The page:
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Reflections: Cléo from 5 to 7 (1962)

Cleo Mirrors

“Take another card,” a fortune teller (Loye Payen) instructs the tearful young woman (Corinne Marchand) sitting across the table from her at the start of Agnès Varda’s 1962 film Cléo from 5 to 7. Awaiting a potential cancer diagnosis, singer Cléo Victoire has come to Madame Irma in hopes of receiving some sort of comfort or reason for hope. So far, her tarot reading has been less than encouraging, and although Madame Irma has tried to remain positive throughout, even she jumps back in alarm when she turns over the next card and reveals a skeleton holding a scythe. “This card is not necessarily death’s. It means a complete transformation of your whole being,” the fortune teller says, still endeavoring to make the best of it, but Cléo doesn’t want to hear any more: “I’ve known for two days. I don’t need the results of the tests.” Nevertheless, she immediately asks Madame Irma to read her palm, as if that might reveal something that will cancel out the rest; Madame Irma gazes down at it for a few moments, looks up at Cléo’s face, and finally declares that she can’t read hands. “Is it so bad…?” Cléo asks, bursting into sobs. She leaves in a daze, and it’s not until she encounters a mirror downstairs that she begins to revive. “Ugliness is a kind of death,” she thinks while smiling at her reflection. “As long as I’m beautiful, I’m alive.”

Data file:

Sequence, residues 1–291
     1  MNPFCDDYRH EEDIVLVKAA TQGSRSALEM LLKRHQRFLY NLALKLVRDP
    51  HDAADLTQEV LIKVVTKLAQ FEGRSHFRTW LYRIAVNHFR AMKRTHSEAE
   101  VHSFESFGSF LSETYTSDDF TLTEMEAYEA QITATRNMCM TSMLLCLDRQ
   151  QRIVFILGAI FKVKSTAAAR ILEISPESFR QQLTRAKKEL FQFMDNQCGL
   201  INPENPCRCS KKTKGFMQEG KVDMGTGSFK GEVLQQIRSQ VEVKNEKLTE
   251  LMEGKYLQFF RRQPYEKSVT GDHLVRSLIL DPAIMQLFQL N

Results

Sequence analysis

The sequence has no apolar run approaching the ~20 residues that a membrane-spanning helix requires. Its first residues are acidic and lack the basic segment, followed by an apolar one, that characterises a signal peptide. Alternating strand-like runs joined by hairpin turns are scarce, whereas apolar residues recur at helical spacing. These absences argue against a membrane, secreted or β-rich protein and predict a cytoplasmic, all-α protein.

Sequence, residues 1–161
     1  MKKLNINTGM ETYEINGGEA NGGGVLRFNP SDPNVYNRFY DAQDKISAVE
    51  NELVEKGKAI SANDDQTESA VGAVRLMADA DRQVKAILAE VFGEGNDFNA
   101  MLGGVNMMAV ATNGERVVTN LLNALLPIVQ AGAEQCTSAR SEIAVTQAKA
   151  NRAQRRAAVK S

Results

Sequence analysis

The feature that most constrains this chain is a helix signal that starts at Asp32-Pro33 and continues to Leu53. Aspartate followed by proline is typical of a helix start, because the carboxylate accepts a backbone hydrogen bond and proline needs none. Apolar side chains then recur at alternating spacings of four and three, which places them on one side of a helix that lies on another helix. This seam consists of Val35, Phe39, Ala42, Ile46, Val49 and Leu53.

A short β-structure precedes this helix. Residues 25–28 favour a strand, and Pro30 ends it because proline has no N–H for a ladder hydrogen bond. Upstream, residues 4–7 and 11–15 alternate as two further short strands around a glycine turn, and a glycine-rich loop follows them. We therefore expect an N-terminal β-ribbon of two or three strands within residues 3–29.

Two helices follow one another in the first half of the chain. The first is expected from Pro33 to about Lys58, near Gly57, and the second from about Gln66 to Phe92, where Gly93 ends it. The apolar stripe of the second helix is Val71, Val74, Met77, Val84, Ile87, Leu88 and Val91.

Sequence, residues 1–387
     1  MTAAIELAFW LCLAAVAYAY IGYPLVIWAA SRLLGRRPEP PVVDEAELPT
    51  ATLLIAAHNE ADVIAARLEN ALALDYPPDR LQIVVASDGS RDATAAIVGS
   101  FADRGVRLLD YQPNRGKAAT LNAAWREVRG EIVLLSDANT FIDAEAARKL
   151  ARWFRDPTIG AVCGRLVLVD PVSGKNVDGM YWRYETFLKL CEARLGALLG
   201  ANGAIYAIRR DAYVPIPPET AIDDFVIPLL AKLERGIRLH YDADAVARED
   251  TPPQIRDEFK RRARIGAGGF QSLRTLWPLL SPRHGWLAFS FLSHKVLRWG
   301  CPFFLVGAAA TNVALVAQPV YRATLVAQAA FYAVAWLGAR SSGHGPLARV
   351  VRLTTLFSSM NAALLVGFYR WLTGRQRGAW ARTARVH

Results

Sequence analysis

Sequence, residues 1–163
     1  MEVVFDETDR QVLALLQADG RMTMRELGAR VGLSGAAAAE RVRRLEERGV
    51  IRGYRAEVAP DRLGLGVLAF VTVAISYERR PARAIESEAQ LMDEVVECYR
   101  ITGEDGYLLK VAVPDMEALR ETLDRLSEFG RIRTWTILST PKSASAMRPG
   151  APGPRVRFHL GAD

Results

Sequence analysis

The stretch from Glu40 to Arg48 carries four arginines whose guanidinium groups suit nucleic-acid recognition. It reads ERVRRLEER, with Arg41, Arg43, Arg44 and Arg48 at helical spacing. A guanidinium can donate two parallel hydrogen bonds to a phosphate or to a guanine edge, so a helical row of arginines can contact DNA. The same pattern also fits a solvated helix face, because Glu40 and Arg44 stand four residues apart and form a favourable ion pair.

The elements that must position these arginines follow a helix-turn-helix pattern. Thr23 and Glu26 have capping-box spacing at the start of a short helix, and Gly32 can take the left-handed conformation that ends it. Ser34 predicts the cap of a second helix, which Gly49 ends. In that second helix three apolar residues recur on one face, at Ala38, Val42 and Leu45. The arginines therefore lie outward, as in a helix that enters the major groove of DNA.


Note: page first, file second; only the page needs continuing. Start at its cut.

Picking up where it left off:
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Holding Pattern: Wings (1966)

Larisa Shepitko’s 1966 film Wings opens on a crowded street, along which unending streams of people flow ceaselessly both left and right. From this crowd, it appears, one man suddenly turns toward the viewer; the camera then pulls back to reveal that he’s a tailor walking through his quiet, nearly empty shop, undisturbed by the mass of humanity outside his window. His focus is on a customer, a middle-aged woman (Maya Bulgakova) who’s waiting for him in a dressing room. With skillful hands, he takes her measurements for a jacket and skirt, noting the width of her shoulders, the circumference of her waist, and so on and so on, until at last he announces his verdict: “Standard size.” But while that may be true of her clothing, it soon becomes painfully clear that Nadezhda Petrukhina is not a woman built for a standard size life.

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Bad, Bad Bette Davis: In This Our Life (1942)

Stanley Driving